Adesk is one that is less than one hundred years old, but nevertheless associated with an artisan period. We traveled through a few weeks ago. Last week, we took . Now we turn to more recent history, to trace how desk styles evolved into the vintage desk.
The End of the 19th Century
As the 19th century progressed, the more austere Biedermeier style of furniture inspired the rise of the Arts and Crafts movement throughout Europe. That movement was in part a rejection of the growing influence of industrial technologies. Arts and Crafts designers emphasized the simplicity and beauty of handmade goods.
In the United States, that era coincided with the beginnings of the Mission Style in furniture. The Mission Style had similar goals to the Arts and Crafts Movement. Simple lines and strong wood rejected the power of industrial processes.
Concurrently, some furniture designers sought to take advantage of the new power of industry.is a famous example of late 19th century American desk design that used modern design techniques in a twist on the secretary desk. The American makers of the Wooton Desk produced it in series, using machines.
As we leave the 19th century, the lines between an antique and a vintage desk begin to blur. Keep in mind that, for our purposes, a vintage desk is one that has wholeheartedly embraced the new materials and styles that came with industrialization.
The Turn of the Century
For loyal readers of our blog, the time period in furniture design around the turn of the 20th century should be familiar ground. The Arts and Crafts movement initially inspired a more whimsical period in design known as Art Nouveau.
You can immediately pick out an Art Nouveau desk from a crowd. It embodies some of the more ornate aspects of 18th century French furniture, while rejecting the pomp and circumstance. Art Nouveau is characterized by a joyful simplicity and a love for whimsy.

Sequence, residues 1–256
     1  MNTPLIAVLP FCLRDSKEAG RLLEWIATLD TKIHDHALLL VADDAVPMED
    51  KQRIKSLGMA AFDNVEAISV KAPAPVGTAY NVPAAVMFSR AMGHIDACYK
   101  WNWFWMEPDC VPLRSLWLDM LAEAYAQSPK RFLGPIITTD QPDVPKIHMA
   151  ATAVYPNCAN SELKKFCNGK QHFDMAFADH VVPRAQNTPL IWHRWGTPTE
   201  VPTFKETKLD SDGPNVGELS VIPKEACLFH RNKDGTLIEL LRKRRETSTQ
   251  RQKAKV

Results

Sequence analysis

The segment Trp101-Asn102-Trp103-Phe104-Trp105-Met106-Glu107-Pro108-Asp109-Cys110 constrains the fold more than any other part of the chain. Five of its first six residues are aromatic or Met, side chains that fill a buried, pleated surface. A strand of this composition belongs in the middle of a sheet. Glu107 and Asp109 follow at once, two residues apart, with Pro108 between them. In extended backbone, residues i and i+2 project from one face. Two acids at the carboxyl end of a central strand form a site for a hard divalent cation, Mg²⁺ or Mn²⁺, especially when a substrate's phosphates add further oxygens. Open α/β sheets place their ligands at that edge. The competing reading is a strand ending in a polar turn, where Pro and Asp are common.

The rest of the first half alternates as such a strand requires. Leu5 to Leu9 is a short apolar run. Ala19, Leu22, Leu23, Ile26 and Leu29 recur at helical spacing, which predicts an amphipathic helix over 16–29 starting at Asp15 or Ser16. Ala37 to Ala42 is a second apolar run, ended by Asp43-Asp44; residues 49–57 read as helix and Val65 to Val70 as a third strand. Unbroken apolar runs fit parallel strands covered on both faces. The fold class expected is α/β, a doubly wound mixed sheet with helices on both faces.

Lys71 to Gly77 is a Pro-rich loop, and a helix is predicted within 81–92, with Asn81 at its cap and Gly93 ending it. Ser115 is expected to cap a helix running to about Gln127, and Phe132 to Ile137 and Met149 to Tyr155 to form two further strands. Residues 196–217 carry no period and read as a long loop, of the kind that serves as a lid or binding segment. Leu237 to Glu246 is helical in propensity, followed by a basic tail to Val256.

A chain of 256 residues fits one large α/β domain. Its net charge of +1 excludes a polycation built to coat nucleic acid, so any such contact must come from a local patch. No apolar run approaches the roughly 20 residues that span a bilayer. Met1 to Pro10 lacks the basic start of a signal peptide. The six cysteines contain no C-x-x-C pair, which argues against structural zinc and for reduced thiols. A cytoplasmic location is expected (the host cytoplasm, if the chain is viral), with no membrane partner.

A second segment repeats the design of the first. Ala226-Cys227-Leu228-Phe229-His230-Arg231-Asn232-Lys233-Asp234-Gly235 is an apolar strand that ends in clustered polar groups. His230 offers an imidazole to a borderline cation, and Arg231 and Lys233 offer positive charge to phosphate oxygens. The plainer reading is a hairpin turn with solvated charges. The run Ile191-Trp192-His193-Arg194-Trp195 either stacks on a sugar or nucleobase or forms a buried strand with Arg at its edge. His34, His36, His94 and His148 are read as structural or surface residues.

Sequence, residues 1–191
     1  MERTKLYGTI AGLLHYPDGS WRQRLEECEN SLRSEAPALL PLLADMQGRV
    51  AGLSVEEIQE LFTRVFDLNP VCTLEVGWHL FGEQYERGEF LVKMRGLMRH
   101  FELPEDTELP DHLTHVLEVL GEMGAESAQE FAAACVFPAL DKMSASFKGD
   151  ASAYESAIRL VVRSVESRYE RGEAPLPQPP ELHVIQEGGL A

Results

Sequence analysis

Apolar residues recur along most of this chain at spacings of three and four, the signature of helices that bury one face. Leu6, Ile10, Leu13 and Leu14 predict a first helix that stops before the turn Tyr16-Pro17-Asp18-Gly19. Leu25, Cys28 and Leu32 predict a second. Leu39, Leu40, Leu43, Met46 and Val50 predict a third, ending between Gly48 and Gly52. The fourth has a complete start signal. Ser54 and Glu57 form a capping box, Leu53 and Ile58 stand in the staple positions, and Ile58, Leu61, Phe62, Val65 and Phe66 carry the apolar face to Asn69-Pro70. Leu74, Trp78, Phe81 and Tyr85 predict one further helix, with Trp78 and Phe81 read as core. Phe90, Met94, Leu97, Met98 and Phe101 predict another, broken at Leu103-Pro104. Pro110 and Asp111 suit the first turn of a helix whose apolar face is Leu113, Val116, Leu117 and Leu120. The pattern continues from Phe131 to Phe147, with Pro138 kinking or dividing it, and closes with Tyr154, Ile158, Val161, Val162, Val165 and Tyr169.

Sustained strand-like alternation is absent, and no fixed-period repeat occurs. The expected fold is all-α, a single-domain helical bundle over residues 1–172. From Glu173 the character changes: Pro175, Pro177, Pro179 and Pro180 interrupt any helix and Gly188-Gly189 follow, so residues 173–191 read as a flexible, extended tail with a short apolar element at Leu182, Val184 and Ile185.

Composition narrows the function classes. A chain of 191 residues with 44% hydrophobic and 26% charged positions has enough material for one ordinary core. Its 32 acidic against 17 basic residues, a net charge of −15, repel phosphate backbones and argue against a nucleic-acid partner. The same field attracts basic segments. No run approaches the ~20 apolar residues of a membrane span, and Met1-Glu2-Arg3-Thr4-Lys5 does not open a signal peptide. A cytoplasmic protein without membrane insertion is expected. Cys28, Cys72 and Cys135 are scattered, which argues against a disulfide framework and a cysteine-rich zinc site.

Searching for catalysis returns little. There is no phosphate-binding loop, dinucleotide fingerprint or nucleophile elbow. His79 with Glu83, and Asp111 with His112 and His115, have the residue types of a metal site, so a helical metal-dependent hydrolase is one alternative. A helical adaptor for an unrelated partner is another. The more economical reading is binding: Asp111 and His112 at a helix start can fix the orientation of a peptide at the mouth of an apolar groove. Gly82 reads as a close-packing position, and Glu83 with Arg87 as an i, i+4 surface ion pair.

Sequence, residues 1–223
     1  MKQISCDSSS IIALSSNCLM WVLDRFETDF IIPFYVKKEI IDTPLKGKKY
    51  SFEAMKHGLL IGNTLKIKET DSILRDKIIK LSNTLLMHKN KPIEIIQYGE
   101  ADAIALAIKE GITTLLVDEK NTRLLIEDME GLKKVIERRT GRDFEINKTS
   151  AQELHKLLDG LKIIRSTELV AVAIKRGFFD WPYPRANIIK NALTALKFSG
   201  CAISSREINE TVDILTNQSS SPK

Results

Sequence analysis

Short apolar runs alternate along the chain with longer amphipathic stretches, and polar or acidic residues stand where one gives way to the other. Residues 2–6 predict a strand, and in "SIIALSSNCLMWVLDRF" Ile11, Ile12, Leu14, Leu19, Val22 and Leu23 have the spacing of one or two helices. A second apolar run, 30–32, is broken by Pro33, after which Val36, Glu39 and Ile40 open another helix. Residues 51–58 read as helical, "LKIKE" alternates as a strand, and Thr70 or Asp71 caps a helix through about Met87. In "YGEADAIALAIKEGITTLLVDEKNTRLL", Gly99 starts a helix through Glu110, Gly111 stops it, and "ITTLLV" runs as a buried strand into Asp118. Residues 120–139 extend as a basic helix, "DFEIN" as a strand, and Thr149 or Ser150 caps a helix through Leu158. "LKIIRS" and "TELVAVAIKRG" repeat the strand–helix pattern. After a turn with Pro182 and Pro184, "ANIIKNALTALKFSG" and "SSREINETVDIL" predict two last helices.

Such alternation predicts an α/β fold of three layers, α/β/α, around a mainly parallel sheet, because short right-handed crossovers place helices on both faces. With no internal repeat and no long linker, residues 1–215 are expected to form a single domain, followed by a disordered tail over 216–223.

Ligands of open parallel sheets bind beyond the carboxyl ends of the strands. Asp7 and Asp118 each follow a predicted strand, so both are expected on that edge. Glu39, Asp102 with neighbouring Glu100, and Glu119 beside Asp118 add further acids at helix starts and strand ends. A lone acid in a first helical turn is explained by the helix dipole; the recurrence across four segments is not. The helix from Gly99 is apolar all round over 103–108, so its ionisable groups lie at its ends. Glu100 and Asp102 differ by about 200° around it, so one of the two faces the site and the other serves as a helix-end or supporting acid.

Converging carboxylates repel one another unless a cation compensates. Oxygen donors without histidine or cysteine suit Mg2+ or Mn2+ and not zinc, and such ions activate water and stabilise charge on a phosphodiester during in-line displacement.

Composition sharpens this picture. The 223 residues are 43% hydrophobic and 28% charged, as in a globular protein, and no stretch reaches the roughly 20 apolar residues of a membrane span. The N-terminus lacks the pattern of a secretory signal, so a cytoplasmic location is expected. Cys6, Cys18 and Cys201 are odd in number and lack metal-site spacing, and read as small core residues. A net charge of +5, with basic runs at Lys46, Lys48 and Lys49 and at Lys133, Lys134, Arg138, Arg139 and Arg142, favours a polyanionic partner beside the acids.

, available now on Styylish, exemplifies what to look for in Art Nouveau furniture. Long, thin lines round out the joyfully light wood with flair. Pair it with a vintage desk for a winning combination.
We have seen examples of Art Nouveau design in the work of Georg Jensen, whose gorgeous silver crafts you can learn more about in. The legacy of the handmade, natural motifs of the period is seldom found in a more recent vintage desk. That is because Art Nouveau, in its continued rejection of machine processes, was soon overshadowed by a different art movement.
Art Deco, Revisited
Here at Styylish, we have a soft spot for art deco design. We have covered it extensively on our blog: for an in-depth look at the, , and of the Art Deco period, be sure to check out some recent posts.
The biggest takeaway for our history of the vintage desk is that Art Deco emphasized the machine-made style of a new world. Famous Art Deco desk designs include Paul T. Frankl’s skyscraper series, which played with verticality and urban landscapes on an intimate scale.
Art Deco rejected some of the more fantastical elements of Art Nouveau, and emphasized stark, opposing colors, new luxurious materials, and the possibility of the industrial age., available now on Styylish, exemplifies the modernity of late Art Deco design. Note the simple curves and use of exposed metal.
Towards the True Vintage Desk
Late Art Deco designs foreshadowed the transition to true vintage design in all kinds of pieces of furniture.
The Bauhaus style of 1930s Germany took up some of the tenants of Art Deco design and stripped them down. Bauhaus wanted to distill design to its most utilitarian and machine centered.
Bauhaus represents the shifting priorities of a difficult century. Coinciding with the Great Depression and the beginning of the Second World War, the more simple, cool elegance as compared to previous decades stands out. For more on Bauhaus design, be sure to check outfrom earlier this year.
, available now on Styylish, is clearly inspired by the Art Deco design that came before it. But it further rejects the heavy wood décor in favor of streamlined, sleek design.
The priorities that defined the Bauhaus period in vintage desk design would evolve into the mid-century modern style of postwar US design. In fact, Mid-century modern takes up the mantle of utilitarianism directly from Bauhaus and centers very simple lines and honest materials in striking designs.
From Vintage to Now
The story of thedesk is an unfinished one. Soon enough, designs from the beginning of the 21stcentury will feel vintage to us. One day, they, too, will become antiques. In the ever-moving history of style, we’ve only written the first chapter.
Bring a vintage desk into your home office today and write your own history on its Styylish surface!